Yoshiko Uchida was the daughter of Japanese immigrants Takashi and Iku Uchida. Her father came to the United States from Japan in 1903 and worked for the San Francisco offices of Mitsui and Company. Yoshiko and her sister Keiko were both nisei, or second-generation Japanese Americans, born in the United States.
Yoshiko Uchida graduated early from high school and enrolled at University of California, Berkeley at sixteen. The Uchidas were living in Berkeley, California and Yoshiko was in her senior year at U.C. Berkeley when the Japanese attacked the naval base at Pearl Harbor in 1941. Soon after, President Franklin D. Roosevelt ordered all Japanese Americans on the west coast to be rounded up and imprisoned in internment camps. Thousands of Japanese and Japanese Americans, regardless of their U.S. citizenship, lost their homes, property, jobs, civil liberties and human dignity.
The Uchidas were not spared. Takashi was questioned by the Federal Bureau of Investigation and he and his family, including Yoshiko, were interned for three years, first at Tanforan Racetrack in California and then in Topaz, Utah. In the camps, Yoshiko taught school and had the chance to view not only the injustices which the Americans were perpetrating, but the varying reactions of Japanese Americans towards their ill-treatment.
In 1943 Uchida was accepted to graduate school at Smith College in Massachusetts and allowed to leave the camp, but her years there left a deep impression. Her 1971 novel Journey to Topaz is fiction but closely follows her own experiences, and many of her other books deal with issues of ethnicity, citizenship, identity, and cross-cultural relationships.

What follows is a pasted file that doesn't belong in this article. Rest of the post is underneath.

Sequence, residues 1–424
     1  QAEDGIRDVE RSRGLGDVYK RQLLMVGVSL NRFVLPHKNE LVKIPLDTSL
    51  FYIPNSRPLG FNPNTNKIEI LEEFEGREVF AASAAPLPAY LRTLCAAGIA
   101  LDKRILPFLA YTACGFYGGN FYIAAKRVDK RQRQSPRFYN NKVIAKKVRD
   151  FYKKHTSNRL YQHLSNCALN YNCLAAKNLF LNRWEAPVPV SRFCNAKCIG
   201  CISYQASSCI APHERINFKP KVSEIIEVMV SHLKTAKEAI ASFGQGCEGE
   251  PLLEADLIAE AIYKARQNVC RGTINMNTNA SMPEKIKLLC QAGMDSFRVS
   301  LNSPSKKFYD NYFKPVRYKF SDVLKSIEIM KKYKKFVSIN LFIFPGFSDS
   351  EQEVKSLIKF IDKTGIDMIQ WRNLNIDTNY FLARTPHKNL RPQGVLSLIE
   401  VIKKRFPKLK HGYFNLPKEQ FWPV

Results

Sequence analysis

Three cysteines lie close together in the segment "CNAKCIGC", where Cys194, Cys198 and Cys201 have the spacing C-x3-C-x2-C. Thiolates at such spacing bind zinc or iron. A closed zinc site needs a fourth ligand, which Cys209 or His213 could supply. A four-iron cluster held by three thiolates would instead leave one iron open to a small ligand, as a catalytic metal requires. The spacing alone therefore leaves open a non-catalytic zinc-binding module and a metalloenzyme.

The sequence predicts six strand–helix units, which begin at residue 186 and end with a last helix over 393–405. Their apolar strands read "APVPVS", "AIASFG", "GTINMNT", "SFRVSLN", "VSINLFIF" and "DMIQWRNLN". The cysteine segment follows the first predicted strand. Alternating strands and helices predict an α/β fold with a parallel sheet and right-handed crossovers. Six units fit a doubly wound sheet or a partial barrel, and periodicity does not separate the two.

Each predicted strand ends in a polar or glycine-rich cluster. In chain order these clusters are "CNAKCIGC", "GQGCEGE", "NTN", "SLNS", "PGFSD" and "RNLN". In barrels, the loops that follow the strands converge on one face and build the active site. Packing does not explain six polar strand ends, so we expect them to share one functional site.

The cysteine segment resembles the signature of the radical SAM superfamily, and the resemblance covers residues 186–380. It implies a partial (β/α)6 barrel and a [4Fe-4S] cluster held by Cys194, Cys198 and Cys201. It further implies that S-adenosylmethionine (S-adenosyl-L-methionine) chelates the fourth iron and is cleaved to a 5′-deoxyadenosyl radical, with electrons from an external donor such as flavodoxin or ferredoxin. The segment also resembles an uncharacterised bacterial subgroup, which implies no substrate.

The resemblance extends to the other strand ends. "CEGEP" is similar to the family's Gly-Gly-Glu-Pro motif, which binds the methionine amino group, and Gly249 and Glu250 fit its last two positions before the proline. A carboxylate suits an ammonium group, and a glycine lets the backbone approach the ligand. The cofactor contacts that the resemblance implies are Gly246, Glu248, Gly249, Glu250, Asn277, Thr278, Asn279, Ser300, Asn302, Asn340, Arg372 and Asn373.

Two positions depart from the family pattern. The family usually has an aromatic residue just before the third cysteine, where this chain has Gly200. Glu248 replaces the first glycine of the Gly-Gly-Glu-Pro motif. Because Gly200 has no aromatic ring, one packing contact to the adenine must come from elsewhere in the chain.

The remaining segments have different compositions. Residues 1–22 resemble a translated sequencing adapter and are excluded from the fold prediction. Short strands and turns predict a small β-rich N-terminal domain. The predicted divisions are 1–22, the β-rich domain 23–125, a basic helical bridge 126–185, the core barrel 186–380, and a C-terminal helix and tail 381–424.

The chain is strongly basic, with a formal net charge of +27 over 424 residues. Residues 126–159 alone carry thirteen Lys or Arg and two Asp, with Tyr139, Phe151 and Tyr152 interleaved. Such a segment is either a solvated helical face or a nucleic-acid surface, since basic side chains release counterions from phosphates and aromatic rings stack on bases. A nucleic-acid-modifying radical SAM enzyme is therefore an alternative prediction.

Over the course of her career Uchida published more than thirty books, including nonfiction for adults and fiction for children and teenagers. She died in 1992.
Uchida became widely known for her 1982 autobiography Desert Exile, one of several important autobiographical works by Japanese Americans who were interned that portray internment as a pivotal moment in the formation of the author's personal and cultural identities.
She is also known for her children's novels, having been praised as "almost single-handedly creating a body of Japanese American literature for children, where none existed before." . In addition to Journey to Topaz, many of her other novels including Picture Bride, A Jar of Dreams and The Bracelet deal with Japanese American impressions of major historical events including World War I, the Great Depression, and World War II, and the racism endured by Japanese Americans during these years.
"I try to stress the positive aspects of life that I want children to value and cherish. I hope they can be caring human beings who don't think in terms of labels--foreigners or Asians or whatever--but think of people as human beings. If that comes across, then I've accomplished my purpose."